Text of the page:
Commercial Propane Applications: Generators

Commercial propane generators provide supplemental power for a building’s electrical loads when power from the electric grid is interrupted.

Loss of grid power can occur at any time, whether planned or unplanned. This loss of power to commercial buildings can impact vital systems like smoke, fire, elevators, refrigeration units, heating and cooling equipment, health and safety equipment, communications, and many other applications. With roughly 700 large-scale power outages caused by severe weather events between 2003 and 2012 — plus many non-weather-related outages — there is a critical need for propane generators to ensure uninterrupted operations for a large number of commercial properties. Generators are commonly located outside the building and in proximity to the main electric service panel. Propane suppliers can work with specifying engineers to provide siting guidance based on relevant standards.

Applications for Use

  • Ports.
  • Hospitals.
  • Offices.
  • Data Centers/Communications.
  • Public Buildings/Shelters.
  • Fire Departments/Police Departments.
  • Restaurants.
  • Retail/Big Box Stores.
  • Education.
  • Hospitality.
  • Correctional Facilities.
  • Multi-family Buildings.

At a Glance

  • Ramp up quickly to provide power after an electrical grid interruption.
  • Clear advantages over other fuels when considering storage, maintenance, and reliability.
  • 5 kW-400 kW capacities.
  • Significantly lower emissions than diesel generators.


Commercial generators are typically installed as fully automated systems that ramp up quickly to provide power after an electric grid disruption. Their autonomous design requires little to no involvement for the building occupants to activate, maintain, or shut off power from the generators. Propane-powered generators offer clear advantages when considering fuel storage, fuel maintenance, and reliability. Compared with diesel, propane has many significant advantages. First, the indefinite shelf life of propane makes it an ideal fuel for generators, whereas diesel degrades over time. Propane also burns cleaner than diesel and can be stored onsite, either above or below ground, without risk of ground or ground water contamination. Diesel, on the other hand, has the potential for contamination from spills and leaks that are retained in the soil.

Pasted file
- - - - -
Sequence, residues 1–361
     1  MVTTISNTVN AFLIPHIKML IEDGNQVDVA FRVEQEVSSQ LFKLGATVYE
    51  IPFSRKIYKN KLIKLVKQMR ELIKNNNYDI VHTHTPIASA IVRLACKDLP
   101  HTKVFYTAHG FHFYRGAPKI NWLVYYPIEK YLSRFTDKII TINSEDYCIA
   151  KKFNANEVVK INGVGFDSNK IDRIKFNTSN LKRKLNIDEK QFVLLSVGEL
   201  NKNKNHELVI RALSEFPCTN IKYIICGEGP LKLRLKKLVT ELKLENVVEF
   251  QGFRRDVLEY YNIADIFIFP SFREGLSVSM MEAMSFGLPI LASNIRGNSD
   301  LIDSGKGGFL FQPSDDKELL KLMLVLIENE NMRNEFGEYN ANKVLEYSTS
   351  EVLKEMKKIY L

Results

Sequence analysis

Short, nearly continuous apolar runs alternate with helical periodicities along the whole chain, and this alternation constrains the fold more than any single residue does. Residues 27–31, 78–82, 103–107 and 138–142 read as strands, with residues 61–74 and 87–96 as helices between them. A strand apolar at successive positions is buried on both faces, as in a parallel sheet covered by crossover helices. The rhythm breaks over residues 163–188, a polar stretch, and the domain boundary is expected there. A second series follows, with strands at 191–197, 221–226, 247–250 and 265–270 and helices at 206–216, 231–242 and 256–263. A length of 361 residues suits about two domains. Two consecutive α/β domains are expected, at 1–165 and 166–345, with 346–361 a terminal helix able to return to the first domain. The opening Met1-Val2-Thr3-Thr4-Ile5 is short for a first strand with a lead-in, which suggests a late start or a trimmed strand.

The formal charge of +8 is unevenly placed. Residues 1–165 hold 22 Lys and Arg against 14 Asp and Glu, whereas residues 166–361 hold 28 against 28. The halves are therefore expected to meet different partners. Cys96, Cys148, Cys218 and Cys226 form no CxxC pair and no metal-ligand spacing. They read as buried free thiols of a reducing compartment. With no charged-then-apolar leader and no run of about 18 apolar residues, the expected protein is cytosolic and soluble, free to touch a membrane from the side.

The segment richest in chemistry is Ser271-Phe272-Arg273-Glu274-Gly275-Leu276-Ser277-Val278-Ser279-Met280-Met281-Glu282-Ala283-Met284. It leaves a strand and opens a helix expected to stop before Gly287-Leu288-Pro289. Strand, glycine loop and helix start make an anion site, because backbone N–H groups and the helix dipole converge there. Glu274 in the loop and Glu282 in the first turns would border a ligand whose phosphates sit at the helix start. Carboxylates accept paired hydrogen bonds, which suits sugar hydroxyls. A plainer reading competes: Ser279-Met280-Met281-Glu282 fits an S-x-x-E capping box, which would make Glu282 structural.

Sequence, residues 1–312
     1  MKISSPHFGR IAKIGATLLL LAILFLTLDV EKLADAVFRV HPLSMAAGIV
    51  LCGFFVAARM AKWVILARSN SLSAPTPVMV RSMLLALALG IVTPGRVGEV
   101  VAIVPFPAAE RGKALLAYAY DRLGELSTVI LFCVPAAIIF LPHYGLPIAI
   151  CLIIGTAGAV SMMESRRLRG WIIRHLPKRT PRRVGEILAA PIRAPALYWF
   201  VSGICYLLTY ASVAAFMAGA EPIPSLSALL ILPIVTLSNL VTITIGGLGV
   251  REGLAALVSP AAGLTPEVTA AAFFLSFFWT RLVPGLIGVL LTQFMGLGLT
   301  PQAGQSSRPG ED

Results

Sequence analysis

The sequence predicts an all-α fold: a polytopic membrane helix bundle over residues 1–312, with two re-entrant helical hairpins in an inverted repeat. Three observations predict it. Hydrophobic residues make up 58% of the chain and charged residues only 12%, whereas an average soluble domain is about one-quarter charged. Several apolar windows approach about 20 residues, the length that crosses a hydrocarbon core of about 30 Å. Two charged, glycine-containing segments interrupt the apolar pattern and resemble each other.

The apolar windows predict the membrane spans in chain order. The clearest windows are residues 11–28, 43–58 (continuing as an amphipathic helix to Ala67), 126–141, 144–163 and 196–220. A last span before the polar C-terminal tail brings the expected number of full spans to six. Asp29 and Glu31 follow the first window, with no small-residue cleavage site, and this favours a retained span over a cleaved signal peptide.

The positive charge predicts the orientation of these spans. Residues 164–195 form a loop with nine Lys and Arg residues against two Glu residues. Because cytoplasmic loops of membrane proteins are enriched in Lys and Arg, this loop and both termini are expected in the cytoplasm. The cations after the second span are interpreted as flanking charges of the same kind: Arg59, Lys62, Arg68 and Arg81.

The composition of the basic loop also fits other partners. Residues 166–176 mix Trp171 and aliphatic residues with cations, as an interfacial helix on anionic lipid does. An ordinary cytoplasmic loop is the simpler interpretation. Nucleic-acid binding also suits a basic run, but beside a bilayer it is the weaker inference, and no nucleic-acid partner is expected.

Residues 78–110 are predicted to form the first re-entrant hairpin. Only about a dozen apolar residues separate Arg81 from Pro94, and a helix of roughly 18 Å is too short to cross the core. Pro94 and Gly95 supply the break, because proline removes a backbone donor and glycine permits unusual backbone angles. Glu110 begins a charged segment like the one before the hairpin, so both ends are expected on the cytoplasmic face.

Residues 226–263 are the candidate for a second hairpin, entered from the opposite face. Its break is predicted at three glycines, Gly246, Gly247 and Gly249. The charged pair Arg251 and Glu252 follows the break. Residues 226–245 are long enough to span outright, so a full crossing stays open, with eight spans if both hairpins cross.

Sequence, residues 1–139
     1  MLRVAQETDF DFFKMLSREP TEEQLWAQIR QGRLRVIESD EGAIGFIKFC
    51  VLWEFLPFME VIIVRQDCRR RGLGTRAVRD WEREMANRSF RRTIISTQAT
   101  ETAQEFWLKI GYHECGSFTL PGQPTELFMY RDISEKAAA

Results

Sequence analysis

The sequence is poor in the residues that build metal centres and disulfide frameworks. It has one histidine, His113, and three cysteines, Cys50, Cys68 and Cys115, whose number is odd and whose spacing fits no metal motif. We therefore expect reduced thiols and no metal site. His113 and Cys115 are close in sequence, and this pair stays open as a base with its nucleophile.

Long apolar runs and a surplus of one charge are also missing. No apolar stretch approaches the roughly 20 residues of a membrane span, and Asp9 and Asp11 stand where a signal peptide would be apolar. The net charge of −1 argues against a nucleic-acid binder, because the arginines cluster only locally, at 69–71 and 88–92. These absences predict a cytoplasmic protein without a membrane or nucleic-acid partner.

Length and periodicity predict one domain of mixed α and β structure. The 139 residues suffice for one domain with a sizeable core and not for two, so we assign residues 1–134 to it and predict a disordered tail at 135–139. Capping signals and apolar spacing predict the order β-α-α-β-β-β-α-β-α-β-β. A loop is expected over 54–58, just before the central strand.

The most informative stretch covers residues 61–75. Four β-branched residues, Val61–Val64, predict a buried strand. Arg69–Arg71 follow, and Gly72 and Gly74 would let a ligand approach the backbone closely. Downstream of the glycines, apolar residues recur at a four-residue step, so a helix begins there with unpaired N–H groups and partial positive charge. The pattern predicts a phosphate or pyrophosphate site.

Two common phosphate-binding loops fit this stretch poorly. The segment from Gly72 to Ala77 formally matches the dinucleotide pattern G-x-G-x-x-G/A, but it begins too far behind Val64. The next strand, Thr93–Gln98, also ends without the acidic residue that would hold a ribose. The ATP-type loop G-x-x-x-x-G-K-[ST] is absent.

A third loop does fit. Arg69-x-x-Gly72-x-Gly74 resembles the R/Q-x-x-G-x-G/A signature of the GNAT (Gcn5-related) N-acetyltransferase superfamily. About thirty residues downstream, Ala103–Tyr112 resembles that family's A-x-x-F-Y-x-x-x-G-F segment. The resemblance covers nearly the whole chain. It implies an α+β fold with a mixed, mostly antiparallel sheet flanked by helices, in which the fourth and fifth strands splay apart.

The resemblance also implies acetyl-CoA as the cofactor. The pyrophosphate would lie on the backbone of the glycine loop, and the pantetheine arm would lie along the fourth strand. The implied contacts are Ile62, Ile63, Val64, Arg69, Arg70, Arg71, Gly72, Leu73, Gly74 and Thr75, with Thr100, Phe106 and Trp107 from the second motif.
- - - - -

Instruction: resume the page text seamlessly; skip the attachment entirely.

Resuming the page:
Propane generators can be configured to service only the most critical building loads or to maintain full operation in the event of power failure. They can also be configured to help with peak-shaving and demand-response programs that provide additional revenue for building owners. Once the targeted loads are identified, the size of the generator is determined. Commercial units can range from 5 kW-400 kW capacities, and are available in single and three phase configurations and voltages of 120, 240, and 480 V. TABLE 1 shows a propane generator’s typical fuel consumption per hour when in full operation.

Propane Generator Fuel Consumption

8 129,000
11 175,000
15 260,000
20 350,000
25 430,000
45 725,000
60 818,000
80 1,163,000
100 1,268,000
150 2,075,000



When considering emissions such as nitrous oxides, sulfur oxides, particulate matter, and carbon dioxide, propane generators burn much cleaner than their diesel counterparts. For example, U.S. Department of Energy data shows 16 percent greater CO2 emissions per unit of energy for diesel compared with propane. Perhaps even more concerning from a health perspective, PM2.5 emissions associated with diesel generators far outweigh those associated with propane generators. The rise in adoption of more stringent air quality regulations is expected to increase first costs for diesel generators and to increasingly shift demand to propane generators.

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